Archive for the ‘Baz Luhrmann’ Category

Lavish, Lustful Long Island…

The Great Gatsby

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The much anticipated glitzy remake of the 1974 film, The Great Gatsby by Australian director, Baz Luhrmann is spectacular to watch, wonderful to marvel at, yet ultimately flawed much like its central character, Jay Gatsby.  Based upon the American classic novel by F. Scott Fitzgerald, The Great Gatsby published in 1925, chronicling America and specifically New York’s Jazz Age, Prohibition and the excesses of wealth prior to the Great Depression in 1929, Luhrmann expertly captures the era with gorgeous costumes designed by Catherine Martin and supplied by the Italian Luxury Fashion House Prada along with suits by Brooks Brothers, the 21st century film version of Gatsby is brash, excessively long and gorgeous to look at, with fabulous over the top parties, superb music and lots of creative divergence as expected from the director of Moulin Rouge and Romeo and Juliet.

At the centre of the 21st century version of The Great Gatsby are three fine performances and that is the ménage trio of Jay Gatsby, played with a slightly Howard Hawks neurosis by Leonardo di Caprio, (The Aviator, Django Unchained, Romeo and Juliet), the Louisville heiress Daisy Buchanan played with a slight childish melancholy by the ever charming Carey Mulligan (Wall Street 2, Money Never Sleeps) and then her brutish, polo playing husband Tom Buchanan, an outstanding performance by screen newcomer Joel Edgerton (Warrior, Animal Kingdom).

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Luhrmann and costume designer Martin do a superb job of luring the audience into a decadent world of the bootlegging roaring 1920’s New York with the lavish excessive parties, the ensuing deviance that prohibition encouraged and naturally the modern jazz age. The film is told through the eyes of Nick Carraway, Daisy’s cousin and neighbour to the initially enigmatic Gatsby, played with the usual awe and wonder of Tobey Maguire, of the original Spiderman Trilogy, who facilitates a meeting between Daisy and Gatsby over tea in one of the film’s more memorable scenes with flowers and decadent cakes at his Long Island cottage.

The Long Island-Manhattan social scene becomes more intricate as Tom’s mistress Myrtle wonderfully played by Isla Fisher and first introduced at in a raucous party at a Manhattan apartment hinting at the excesses which the sexually ambivalent Nick Carraway is seduced by both in terms of drugs, alcohol and loose morals, yet it is really Carraway’s enchantment with Gatsby himself which really plays into the subtext of such a fascinating portrait of lust and decadence, that eventually leads him to later write the story of the huge influence Gatsby had on his now destroyed life. As Carraway is drawn into the opulent world of the super-rich and of the myriad possibilities, betrayals and affairs that this affluent society leads him to witness, it is Gatsby himself who leaves Carraway with an impressionable dream of “You can do anything if you set your mind to it”.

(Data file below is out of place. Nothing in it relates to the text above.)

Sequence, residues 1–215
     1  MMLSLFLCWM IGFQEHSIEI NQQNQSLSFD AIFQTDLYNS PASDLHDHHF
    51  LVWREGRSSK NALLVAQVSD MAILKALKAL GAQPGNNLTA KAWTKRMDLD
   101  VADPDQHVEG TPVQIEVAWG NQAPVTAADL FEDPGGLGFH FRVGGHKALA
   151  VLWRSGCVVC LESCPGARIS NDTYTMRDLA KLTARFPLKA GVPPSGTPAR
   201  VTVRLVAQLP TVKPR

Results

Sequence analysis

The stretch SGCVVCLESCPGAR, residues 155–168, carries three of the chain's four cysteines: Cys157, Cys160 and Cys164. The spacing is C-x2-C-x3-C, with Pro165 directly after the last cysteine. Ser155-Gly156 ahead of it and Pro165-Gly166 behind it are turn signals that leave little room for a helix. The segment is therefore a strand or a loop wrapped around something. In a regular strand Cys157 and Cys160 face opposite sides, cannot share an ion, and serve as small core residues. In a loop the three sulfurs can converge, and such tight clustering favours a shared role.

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Luhrmann’s The Great Gatsby is flawed and uneven, especially noticeable in the second half of the film as he goes beyond the spectacle of the age and grapples with the deceit and lies that his main characters are capable of. The infamous scene at the Plaza Hotel, where all is revealed is really expertly played by Joel Edgerton as the jilted yet scheming playboy husband, who treats all his possessions including his lovely wife with a sort of contemptible jealousy. Luhrmann’s directorial trademarks are evident in The Great Gatsby, but not nearly as tightly pulled together as his brilliant Moulin Rouge which saw stunning performances by Ewan McGregor and Nicole Kidman, yet he still manages to recreate The Great Gatsby in a style any other film director could not have imagined.

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The Great Gatsby is recommended for the fantastic costumes and sumptuous production design, but not where literary traditionalists are concerned, the film is clearly aiming at a much younger glitzier and more diverse audience, notably succeeding in its lavish portrayal of excess. The only criticism is that more editing was required to cut The Great Gatsby into a perfect diamond and not as a sparkling flawed gem.  The film is a celebrated depiction and inventive homage to the Jazz Age, without much substance, but loads of style. Personally I would like to see Luhrmann tackle the rather more brilliant novel by F. Scott Fitzgerald, Tender is the Night, but that would see the director venturing too deeply into the complexity of human relationships without the added glamour.

Recommended for lovers of Gershwin music and for an aesthetic appreciation, Baz Luhrmann’s The Great Gatsby is sure to divide and impress audiences simultaneously, much like he did with revisionist adaptation of Romeo and Juliet in 1997. Also starring Jason Clarke, Elizabeth Debicki and Bollywood star Amitabh Bachchan as Meyer Wolfsheim.

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